Generational Issues in Technology


image_11Generational differences in the workplace are real, especially in regards to technology. Baby boomers are less comfortable with technology due to the frequent changes and overload of options. While some of these differences can cause miscommunication and strife, they also present opportunities for businesses to take the initiative for employees to work together and build stronger teamwork skills.

Training and Experience

Older generations of workers may lack up-to-date skills for using technology. They may also lack the confidence and initiative to learn new technological skills on their own. Employers that offer on-the-job training such as self-directed learning modules and in-person training sessions may be able to boost the confidence and skills of these workers. The baby boomer generation generally has less confidence and use for technology in the workplace, typically preferring in-person interactions. Employers that would like to boost technology and innovation may need to encourage baby boomers to consider ways that technology can help them communicate with their younger coworkers such as by pairing an older worker with less technological training with a younger worker who has plenty of experience using different technologies.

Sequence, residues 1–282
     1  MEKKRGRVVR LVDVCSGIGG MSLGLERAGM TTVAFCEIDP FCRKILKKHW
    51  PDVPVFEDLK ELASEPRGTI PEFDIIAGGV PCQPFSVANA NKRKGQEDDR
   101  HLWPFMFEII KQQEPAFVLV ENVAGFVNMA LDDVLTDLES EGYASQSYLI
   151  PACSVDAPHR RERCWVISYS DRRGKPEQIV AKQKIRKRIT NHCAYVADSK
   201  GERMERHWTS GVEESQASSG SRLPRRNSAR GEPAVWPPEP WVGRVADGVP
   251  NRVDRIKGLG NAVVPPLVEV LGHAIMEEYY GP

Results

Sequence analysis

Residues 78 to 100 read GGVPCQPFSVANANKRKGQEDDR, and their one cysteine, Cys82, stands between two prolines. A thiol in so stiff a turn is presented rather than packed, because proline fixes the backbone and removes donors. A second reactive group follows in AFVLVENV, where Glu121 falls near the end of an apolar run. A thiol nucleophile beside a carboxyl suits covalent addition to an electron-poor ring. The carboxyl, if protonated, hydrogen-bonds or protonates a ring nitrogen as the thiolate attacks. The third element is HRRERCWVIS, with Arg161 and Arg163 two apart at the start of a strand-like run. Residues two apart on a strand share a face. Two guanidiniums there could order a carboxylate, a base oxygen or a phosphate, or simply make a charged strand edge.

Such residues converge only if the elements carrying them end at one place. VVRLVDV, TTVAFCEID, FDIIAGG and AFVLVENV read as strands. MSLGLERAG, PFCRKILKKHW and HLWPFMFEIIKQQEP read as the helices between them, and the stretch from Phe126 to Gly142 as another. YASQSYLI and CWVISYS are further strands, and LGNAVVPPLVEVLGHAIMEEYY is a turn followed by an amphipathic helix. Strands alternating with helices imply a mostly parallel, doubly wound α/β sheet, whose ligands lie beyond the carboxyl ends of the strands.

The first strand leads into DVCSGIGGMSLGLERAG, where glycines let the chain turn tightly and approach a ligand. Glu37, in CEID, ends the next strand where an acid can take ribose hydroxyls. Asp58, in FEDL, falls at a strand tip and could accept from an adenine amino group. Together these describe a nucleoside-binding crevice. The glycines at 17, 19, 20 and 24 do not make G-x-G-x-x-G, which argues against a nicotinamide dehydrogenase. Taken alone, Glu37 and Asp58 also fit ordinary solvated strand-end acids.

Baby boomers are less likely to make use of the newest innovations in workplace technology. This even includes older technology such as email, with baby boomers 27 percent less likely to use email than members of Generation X, reports the LexisNexis Technology Gap Survey [1]. The baby boomer generation is also less comfortable than younger workers in using laptop computers, smartphones, text messaging, tablets and apps. The lack of comfort of baby boomers means that these workers may be more difficult to reach after hours, are less likely to network with coworkers and may engage in less frequent communication with supervisors and other staff.


The baby boomer generation generally has a lower regard for the use and importance of technology in the workplace. They tend to be more interested in in-person meetings, face-to-face conversations and telephone calls. Human resources staff and supervisors may need to emphasize the benefits of technology in the workplace such as increased productivity, enhanced creativity and easier problem-solving.